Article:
On de-dollarization: The move away from the U.S. dollar is yet another reaction to Western sanctions placed on Russia since it annexed Crimea from Ukraine in March. Russia and Iran have agreed to use their own national currencies in bilateral trade transactions rather than the U.S. dollar. An original agreement to trade in rials and rubles was made earlier this month in a meeting between Russian Energy Minister Alexander Novak and Iranian Oil Minister Bijan Namdar Zanganeh. Similarly, Russia and China also agreed to trade with each other using the ruble and yuan in early September, following a Russian deal with North Korea in June to trade in rubles

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Yeah, but you would have expected a move into gold as well, and that never happened. Maybe there’s isn’t that much fear yet?!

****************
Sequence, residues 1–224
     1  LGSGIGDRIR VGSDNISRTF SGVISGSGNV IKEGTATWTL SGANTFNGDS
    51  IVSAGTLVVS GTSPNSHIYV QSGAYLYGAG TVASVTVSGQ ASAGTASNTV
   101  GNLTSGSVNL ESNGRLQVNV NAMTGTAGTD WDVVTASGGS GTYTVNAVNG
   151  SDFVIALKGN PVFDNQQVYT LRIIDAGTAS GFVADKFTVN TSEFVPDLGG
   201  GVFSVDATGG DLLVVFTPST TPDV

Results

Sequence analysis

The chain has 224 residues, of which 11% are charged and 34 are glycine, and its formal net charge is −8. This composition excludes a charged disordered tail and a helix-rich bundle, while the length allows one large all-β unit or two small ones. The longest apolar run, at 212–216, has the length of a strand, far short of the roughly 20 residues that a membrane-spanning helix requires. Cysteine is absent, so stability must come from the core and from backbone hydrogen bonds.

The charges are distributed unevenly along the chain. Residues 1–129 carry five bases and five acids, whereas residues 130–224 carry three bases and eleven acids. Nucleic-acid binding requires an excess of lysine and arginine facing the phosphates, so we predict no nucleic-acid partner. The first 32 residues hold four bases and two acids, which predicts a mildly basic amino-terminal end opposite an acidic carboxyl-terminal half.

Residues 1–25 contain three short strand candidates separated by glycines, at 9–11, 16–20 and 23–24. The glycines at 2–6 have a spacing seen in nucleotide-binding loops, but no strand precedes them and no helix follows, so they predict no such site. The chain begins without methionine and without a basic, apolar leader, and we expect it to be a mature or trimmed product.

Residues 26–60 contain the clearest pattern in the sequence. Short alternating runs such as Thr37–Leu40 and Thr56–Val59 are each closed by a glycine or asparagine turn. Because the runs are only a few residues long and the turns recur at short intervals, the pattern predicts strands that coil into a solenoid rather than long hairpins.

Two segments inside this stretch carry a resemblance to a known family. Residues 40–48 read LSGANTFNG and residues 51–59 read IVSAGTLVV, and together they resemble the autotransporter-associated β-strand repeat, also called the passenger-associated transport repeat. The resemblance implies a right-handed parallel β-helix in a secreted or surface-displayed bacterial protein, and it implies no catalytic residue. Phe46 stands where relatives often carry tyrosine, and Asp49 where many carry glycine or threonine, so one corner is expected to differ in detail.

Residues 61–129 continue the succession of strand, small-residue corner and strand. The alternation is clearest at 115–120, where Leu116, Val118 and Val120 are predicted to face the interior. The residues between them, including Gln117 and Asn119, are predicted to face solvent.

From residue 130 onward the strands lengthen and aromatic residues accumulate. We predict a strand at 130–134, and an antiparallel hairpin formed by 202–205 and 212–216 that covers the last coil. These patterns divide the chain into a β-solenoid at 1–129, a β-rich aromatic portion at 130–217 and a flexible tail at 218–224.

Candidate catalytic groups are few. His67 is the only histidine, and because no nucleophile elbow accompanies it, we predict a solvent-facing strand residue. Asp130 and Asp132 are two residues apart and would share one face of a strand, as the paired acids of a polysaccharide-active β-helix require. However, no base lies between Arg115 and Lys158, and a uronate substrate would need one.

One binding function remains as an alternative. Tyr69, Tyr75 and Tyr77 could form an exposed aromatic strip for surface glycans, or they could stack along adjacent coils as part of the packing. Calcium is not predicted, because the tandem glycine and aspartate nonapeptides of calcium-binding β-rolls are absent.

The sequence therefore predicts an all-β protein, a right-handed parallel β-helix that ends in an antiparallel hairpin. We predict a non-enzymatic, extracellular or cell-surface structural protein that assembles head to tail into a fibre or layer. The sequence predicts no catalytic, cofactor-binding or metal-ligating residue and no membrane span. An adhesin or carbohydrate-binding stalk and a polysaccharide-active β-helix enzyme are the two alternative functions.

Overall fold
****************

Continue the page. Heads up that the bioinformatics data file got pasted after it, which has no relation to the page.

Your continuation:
The Return Of The ‘Fear Trade’ (MarketWatch)

Halloween came early this October. A vicious midweek selloff shows that investors can be still be scared out of their wits, at least for a few hours. And while the monster is now back in its cage, it is unlikely the “fear trade” has completely run its course. But first, what triggered the carnage? For once, few pundits were offering a pat, one-size-fits-all answer. That’s because there wasn’t one. Instead, it came down to a combination of nagging but interrelated worries surrounding Europe, collapsing oil prices, the threat of global deflation, and the Fed’s rate path. Throw in a steady drumbeat of Ebola headlines and suddenly folks were streaming toward the exits. But the most attention-grabbing moment occurred in the bond market. The rally in Treasurys that accompanied the stock-market selloff, temporarily dropped the yield on the 10-year note below 2%. While a flight to quality would be expected, the sharp one-third of a point drop in the yield had market veterans scratching their heads.